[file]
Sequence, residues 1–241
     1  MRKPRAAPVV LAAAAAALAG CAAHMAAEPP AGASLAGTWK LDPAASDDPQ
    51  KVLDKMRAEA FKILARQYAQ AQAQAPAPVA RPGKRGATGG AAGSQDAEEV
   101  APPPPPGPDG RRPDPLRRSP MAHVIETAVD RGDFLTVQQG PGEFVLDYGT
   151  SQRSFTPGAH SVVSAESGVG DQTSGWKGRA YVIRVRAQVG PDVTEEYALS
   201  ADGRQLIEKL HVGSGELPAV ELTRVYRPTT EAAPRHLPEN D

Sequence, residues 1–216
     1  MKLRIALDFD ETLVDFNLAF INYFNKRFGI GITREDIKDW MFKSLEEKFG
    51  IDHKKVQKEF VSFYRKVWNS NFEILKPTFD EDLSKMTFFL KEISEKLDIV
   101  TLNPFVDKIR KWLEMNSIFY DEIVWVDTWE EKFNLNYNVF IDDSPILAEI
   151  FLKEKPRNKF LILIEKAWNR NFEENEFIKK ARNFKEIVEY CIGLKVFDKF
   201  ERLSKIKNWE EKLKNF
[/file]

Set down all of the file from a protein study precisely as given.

Sequence, residues 1–241
     1  MRKPRAAPVV LAAAAAALAG CAAHMAAEPP AGASLAGTWK LDPAASDDPQ
    51  KVLDKMRAEA FKILARQYAQ AQAQAPAPVA RPGKRGATGG AAGSQDAEEV
   101  APPPPPGPDG RRPDPLRRSP MAHVIETAVD RGDFLTVQQG PGEFVLDYGT
   151  SQRSFTPGAH SVVSAESGVG DQTSGWKGRA YVIRVRAQVG PDVTEEYALS
   201  ADGRQLIEKL HVGSGELPAV ELTRVYRPTT EAAPRHLPEN D

Sequence, residues 1–216
     1  MKLRIALDFD ETLVDFNLAF INYFNKRFGI GITREDIKDW MFKSLEEKFG
    51  IDHKKVQKEF VSFYRKVWNS NFEILKPTFD EDLSKMTFFL KEISEKLDIV
   101  TLNPFVDKIR KWLEMNSIFY DEIVWVDTWE EKFNLNYNVF IDDSPILAEI
   151  FLKEKPRNKF LILIEKAWNR NFEENEFIKK ARNFKEIVEY CIGLKVFDKF
   201  ERLSKIKNWE EKLKNF